Just a few days before the US went into lockdown in March, with the reality of the coronavirus growing more dire, I was beginning a five-week unit on the work of Hayao Miyazaki in my International Film History class. It was planned as the culmination of our work up to that point in a course surveying international film cultures and movements. We had studied the great modernist era of German Expressionism and Soviet montage in the 1920s; the humanism of French Poetic Realism; the wonders of Italian Neorealism; the classics of art cinema; up to the recent renaissance of South Korean films.
Owing to our institution’s quirky schedule, we have a five-week period that works as a kind of thematic focus at the end of the school year. Miyazaki came to mind both as an incredible artist and because the long-anticipated
Academy Museum of Motion Pictures had scheduled a Miyazaki exhibit as part of its debut this spring. While that opening got delayed long before the pandemic due to fundraising issues, I stuck to our thematic plan.
But with the increasing scale of the pandemic and then the lockdown, I grew concerned that studying Miyazaki and animation might strike a discordant note with the global crisis. But Miyazaki’s powerful worldview speaks to our times in striking ways yet again: the hidden terror of the natural world; the need for truth and compassion; the humanism in the face of adversity; all of these themes resonated strongly with the issues we face today.
It’s a common motif in the writing on Miyazaki to identify him as an artist concerned with environmental themes. That environmentalism implies—as it resonates with the political uses of the term—a concern over the disappearance of nature and the destructive actions of mankind. Yet Miyazaki said he did not want to be known simply as “Mr. Ecology” (Napier, p.78). His objection rightly insists on recognizing the greater complexity offered up by the natural world in his works.
Indeed, Miyazaki’s depiction of nature remains more complicated in ways that actually speak to the current pandemic. The fantastical naturalism laid out in his cinematic cosmos inspires both awe and beauty and toxicity and violence. In his films, humans often represent a threat to the natural world; but almost as often the natural world contains disturbingly ferocious threats to humanity.
Miyazaki’s films recognize untamed viciousness and violence (like a virus) and also the need for a strong response, like blunt truth and action, and compassionate connections to the community, to our fellow humans and the natural world.
In 1984’s Nausicaä of the Valley of the Wind (Kaze no tani no Naushika), for example, a future earth seethes with a lethal mixture of human waste and natural evolutionary transformations, an exotic blend of fungi, spore-clouds, and gigantic sentient insects, an ecology that owes as much to literary evolution (Ursula Le Guin‘s Earthsea novels, Frank Herbert‘s Dune, and Brian Aldiss‘ The Long Afternoon of Earth) as to contemporary political observations. While human civilization fertilized this toxic ecosystem, it now runs dangerously amok, a seemingly unstoppable oncoming storm, with no hiding place.
Miyazaki’s world is an organic system of infections. Characters get infected by spirits, by living roots, by fantastical natural liquids, spores or sprites, or potions. The curse that infiltrates Ashitaka in 1997’s Princess Mononoke (Mononoke-hime), for example, seethes and surfaces in and under his skin like an insidious black liquidy worm. As one of my students noted, in Miyazaki’s films, “nature should not be taken for granted.” It is bucolic and brutal, serene and indifferent.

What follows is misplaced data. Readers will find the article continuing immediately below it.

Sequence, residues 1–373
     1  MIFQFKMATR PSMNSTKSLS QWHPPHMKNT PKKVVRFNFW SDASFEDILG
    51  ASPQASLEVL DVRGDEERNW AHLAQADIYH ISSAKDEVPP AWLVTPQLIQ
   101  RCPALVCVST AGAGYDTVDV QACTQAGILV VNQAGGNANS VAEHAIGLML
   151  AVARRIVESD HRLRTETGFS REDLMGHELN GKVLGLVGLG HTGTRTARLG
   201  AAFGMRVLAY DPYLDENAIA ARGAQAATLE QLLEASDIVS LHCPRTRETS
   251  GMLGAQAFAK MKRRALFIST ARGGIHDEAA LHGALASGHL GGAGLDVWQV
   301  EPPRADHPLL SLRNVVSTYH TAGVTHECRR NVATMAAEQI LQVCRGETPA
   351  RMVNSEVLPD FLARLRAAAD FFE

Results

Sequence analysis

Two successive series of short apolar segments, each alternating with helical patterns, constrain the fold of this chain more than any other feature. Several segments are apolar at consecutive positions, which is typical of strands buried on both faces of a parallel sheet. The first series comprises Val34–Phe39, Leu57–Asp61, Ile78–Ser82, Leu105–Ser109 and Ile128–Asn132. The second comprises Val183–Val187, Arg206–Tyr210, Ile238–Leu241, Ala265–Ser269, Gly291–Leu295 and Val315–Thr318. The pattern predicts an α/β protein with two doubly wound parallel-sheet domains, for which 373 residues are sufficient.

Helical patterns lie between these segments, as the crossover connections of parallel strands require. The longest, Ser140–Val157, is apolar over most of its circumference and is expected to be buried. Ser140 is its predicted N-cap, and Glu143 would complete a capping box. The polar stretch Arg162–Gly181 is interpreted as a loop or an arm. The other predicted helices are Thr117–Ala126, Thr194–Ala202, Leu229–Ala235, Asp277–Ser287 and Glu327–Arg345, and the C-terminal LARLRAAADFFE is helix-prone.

The students delved deeply into his work. In my previous encounters with Miyazaki’s films I had been somewhat puzzled by parts of them: the violence, for example, in otherwise serene settings, or the often, shall we say, eccentric narrative structures. Time and again, my students helped to clarify these issues for me. They unraveled his films and themes and style for me.
I had intended this unit to be a shared experience of research, exploration, and interpretation. Those goals carried over into our remote learning. In the end I learned more from them, I think, than they did from me. They stayed serious and true to our tasks despite the pandemic, and perhaps found some consolation in our academic continuity, the small collegial commune we built focused on Miyazaki’s art.
On another level, I think our focus on these beautiful films reminded us of what we’ve momentarily lost and what we hope to return to. When we talk about reclaiming some kind of normalcy—however different in ways it will surely be—part of that new state (and part of our hopes for its return) includes the capacity to enjoy entertainment, to study, appreciate, and admire culture on its own, without worry of utility and emergency, to appreciate even the silliest animation for its level of pure joy, of distraction, and also to engage with deeper, innovative, and humanistic work like Miyazaki’s.
A safe world, a world of community, custody, and benevolence, allows for such playfulness and joy. Our world right now weighs more heavily on us with the stress of life and death; but we deserve a world that can balance gravity and joy. These times and what follows resonate remarkably with the themes, concerns, and ethos of Miyazaki.
I’m heartened that my classes shared in a small part of that culture during this crisis. We ended our trimester with the promise of a reunion at the Miyazaki exhibition when it finally (and hopefully) opens in the spring of 2021.